How to Avoid OLED Screen Burns
Technology never seems to be without its faults. No matter how advanced it gets, there are always limitations or issues that can cause problems. When it comes to television technology, there have always been certain problems that come up again and again. One of those is screen burn.
Screen burn can ruin your viewing experience, and for a while, the technology successfully avoided this issue. However, there is a new TV technology called OLED that offers some amazing advantages over the older technology, but it revives the old concerns about screen burn.
If you are a fan of this new technology but are worried about OLED screen burns, then you need to continue reading. Learn more about OLED technology, and then find out about screen burn, including how to avoid it.
What Is OLED?
OLED stands for organic light-emitting diode. It uses LED technology to release an organic film that responds to electricity to produce images. So, an OLED TV is still an LED TV, but with an organic twist. This one small change offers some advantages:
Overall, an OLED provides the best possible picture quality because of how it works. When comparing to LED and LCD, it comes out on top because of all these advantages that add up to clearer, sharper images with more realistic colors and less muddiness due to backlight or black issues.
It is also important to note one major drawback of OLED. These TVs are expensive. They are difficult to produce, which drives up costs. Manufacturers have a lot of waste and a lot of TVs that do not make it through production to the market. They have to pass these costs on to consumers. So, you pay more. In addition, this means the manufacturer wants to maximize profits, which is why OLED TVs are not available in smaller sizes. They can earn more off larger sets. Of course, there is also the screen burn issue to think about, which is another major disadvantage.
What Is Screen Burn?
Screen burn is when an image is "burned" into the screen and remains after viewing. This is due to uneven wear of the pixels, light components aging and losing their brightness, or light components having color reproduction issues. The cause of screen burn is usually an image remaining on screen for too long. It most commonly occurs with channel logos, banners, scoreboards or anything that remains on the screen for some period of time. It may alter colors, cause dullness or leave an image outline on the screen. This is a permanent issue that will not go away.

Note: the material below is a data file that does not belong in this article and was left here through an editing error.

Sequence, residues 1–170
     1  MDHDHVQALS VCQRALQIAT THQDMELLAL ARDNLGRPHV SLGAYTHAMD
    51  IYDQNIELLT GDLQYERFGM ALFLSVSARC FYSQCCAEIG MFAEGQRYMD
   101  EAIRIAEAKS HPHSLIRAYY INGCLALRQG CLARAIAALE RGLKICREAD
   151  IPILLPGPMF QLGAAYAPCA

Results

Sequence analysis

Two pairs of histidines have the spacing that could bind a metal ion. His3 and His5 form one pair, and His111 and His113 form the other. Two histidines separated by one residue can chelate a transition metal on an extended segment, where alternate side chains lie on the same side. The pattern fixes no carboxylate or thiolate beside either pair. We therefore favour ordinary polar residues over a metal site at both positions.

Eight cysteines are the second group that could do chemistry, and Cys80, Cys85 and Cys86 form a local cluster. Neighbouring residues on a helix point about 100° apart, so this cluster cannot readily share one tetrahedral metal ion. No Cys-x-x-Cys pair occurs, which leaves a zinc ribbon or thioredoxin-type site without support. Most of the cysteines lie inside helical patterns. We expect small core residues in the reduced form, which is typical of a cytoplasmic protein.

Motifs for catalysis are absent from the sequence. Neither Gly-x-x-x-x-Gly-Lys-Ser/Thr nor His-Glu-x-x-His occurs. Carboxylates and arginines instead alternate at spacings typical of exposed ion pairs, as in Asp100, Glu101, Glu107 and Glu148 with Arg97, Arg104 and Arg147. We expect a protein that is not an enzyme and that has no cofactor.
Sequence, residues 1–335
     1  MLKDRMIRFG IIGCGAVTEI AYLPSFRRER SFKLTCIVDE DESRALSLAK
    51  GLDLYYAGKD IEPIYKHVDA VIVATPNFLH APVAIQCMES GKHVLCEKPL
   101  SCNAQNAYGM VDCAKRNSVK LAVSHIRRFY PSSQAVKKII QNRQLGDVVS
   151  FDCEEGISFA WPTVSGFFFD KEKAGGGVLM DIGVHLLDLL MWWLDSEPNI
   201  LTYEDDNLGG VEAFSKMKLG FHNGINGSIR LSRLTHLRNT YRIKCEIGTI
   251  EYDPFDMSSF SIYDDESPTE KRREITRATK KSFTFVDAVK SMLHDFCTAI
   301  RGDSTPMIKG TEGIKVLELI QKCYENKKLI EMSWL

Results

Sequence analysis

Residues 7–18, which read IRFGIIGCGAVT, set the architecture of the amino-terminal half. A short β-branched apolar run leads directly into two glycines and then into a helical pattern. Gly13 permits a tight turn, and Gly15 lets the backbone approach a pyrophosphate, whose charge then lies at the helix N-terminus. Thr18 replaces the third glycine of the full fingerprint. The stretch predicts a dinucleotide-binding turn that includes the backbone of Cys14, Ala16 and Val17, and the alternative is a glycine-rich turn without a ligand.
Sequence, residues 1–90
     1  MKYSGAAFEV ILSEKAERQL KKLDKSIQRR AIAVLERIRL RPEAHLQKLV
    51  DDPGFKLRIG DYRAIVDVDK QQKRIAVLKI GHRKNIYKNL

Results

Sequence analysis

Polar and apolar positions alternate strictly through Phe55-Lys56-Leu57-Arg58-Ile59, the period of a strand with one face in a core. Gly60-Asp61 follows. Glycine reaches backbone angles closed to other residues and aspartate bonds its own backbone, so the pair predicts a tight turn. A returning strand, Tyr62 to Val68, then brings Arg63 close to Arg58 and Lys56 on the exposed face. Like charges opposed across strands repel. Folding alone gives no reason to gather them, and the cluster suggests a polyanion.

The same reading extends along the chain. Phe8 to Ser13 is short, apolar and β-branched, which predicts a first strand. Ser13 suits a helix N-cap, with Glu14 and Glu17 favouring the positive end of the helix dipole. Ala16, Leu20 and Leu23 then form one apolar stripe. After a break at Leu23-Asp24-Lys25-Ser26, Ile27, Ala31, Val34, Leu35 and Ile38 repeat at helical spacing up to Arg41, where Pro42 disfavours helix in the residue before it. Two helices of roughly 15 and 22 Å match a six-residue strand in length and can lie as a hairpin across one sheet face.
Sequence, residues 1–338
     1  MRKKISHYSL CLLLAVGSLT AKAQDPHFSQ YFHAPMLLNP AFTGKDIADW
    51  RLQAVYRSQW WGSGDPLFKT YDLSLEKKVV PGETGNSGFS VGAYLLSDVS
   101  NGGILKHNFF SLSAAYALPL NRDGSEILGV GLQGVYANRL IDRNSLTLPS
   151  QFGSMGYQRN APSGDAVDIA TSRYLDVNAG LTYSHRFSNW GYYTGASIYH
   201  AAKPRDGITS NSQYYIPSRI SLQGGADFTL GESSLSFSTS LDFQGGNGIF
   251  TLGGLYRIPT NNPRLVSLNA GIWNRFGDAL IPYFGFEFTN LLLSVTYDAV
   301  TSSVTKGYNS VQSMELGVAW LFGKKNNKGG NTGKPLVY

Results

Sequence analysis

It is important to note that sometimes images may remain on the screen due to a glitch of some sort. Restarting your system will often clear this up. This is not screen burn. In addition, there are times an image may look burned into the screen, but eventually, it goes away. Again, this is not screen burn. Screen burn will not go away once it occurs.
The biggest issue with screen burn, aside from ruining your viewing experience, is that it is a problem that is not usually covered by the warranty. So, this means you just have to learn to live with the issue or pay to get it fixed yourself.
How Can I Prevent It?
The only true way to prevent screen burn is to avoid watching static images for a long period of time. For example, if a channel has a constant logo, if there are banners constantly in the same place or there is a scoreboard always present, such as when you are gaming, then you need to take breaks and change the screen often. There is no set time in which screen burn can occur. You just need to be mindful.
Typically, you will see warning signs that your TV may suffer from screen burn in the future. Image retention is the first sign. This is an image that looks burned in, but it goes away after switching the screen. If you see this happening, it is a sign that you are going to have screen burn issues soon if you do not start changing your viewing or gaming habits. Typically, as time goes on, the image retention will last longer and longer and be more difficult to get rid of. This is just an indication to you that the pixels are wearing out and you really need to be more careful and take proper steps to avoid permanent screen burn.